The stated rationale is the public interest in assisting creditors to recover losses from rogue company directors or third parties whose actions have caused serious harm to a now insolvent business – sometimes even contributing to its demise – and in deterring wrongful behaviour. The more compelling reason perhaps is the monies it adds to government coffers by way of recouping unpaid tax.
Under the current regime, those acting on a CFA on behalf of an insolvent company can recover from the losing side both the CFA uplift, known as a success fee, as well as premiums for After The Event (“ATE”) insurance, which protects against adverse costs should the action fail. CFAs are therefore an invaluable means of funding litigation: they not only defer the substantial costs of legal action, but make those costs conditional on success. That is obviously a huge advantage for companies which are by definition without money.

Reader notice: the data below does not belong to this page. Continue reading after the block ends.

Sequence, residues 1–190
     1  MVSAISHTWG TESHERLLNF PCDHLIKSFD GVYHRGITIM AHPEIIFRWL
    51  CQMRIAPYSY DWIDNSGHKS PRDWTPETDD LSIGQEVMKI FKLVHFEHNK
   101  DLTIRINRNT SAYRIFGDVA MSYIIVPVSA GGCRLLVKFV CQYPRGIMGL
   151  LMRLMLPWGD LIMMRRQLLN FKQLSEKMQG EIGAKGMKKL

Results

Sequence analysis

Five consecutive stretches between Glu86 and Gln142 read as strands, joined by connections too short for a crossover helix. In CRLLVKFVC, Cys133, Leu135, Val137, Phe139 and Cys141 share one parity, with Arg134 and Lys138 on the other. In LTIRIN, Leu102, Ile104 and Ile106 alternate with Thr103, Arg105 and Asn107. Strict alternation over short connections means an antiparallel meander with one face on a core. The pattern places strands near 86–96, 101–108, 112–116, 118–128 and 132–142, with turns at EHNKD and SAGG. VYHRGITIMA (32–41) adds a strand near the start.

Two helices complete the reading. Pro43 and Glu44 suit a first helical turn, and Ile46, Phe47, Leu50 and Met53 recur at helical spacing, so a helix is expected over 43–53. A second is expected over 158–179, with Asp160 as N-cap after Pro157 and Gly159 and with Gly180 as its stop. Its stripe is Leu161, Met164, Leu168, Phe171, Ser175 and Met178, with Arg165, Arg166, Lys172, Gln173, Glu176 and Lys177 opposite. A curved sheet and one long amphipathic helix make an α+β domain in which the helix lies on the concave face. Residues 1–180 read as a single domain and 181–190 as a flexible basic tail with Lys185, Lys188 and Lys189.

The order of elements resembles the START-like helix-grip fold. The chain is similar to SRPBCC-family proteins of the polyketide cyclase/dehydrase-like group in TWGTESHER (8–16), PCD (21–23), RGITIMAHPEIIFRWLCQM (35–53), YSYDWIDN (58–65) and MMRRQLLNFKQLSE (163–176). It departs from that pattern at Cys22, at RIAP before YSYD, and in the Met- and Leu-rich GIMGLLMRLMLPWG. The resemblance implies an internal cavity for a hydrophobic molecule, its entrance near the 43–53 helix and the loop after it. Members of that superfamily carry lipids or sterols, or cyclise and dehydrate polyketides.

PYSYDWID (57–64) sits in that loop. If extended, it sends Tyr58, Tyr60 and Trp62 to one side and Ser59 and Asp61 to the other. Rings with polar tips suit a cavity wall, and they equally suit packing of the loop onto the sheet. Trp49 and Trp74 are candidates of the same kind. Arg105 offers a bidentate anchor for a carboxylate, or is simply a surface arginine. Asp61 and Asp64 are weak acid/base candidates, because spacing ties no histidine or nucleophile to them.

On 1st April 2015, a two-year exemption for insolvency litigation from the general end of recoverability was expected to come to a close, leaving clients (and lawyers) exposed to potentially significant costs.
Just weeks before the deadline however, the Government confirmed it would extend the exemption “for the time being”, with further details of the “appropriate way forward” to follow later this year.
A 2014 report commissioned by R3, which is lobbying for a permanent exemption, says ending it could cost creditors more than £150m a year, which is the amount R3 estimates is currently realised by CFA-backed insolvency litigation. Of that, an estimated £50-70m relates to monies owed to HMRC. It is self-evident that, without the ability fully to recover costs, legal action to reclaim debts will simply be unaffordable in the majority of cases, not least for lower value claims.